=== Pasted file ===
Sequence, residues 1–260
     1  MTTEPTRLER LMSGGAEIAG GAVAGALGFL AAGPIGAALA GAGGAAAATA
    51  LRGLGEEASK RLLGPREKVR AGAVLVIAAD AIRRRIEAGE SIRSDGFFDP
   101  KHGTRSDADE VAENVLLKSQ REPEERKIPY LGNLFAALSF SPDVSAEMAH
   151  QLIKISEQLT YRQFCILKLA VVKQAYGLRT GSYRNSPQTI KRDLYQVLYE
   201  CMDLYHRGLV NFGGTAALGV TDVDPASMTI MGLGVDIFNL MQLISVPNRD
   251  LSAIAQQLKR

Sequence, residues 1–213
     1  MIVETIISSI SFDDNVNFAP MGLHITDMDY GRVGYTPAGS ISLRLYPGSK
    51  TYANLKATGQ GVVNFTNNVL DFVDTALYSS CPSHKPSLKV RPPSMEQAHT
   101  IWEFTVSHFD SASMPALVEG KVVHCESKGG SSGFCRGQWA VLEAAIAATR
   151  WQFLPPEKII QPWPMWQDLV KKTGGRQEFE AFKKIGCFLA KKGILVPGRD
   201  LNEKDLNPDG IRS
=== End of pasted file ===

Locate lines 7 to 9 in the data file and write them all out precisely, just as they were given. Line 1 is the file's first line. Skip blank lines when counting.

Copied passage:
   251  LSAIAQQLKR

Sequence, residues 1–213
     1  MIVETIISSI SFDDNVNFAP MGLHITDMDY GRVGYTPAGS ISLRLYPGSK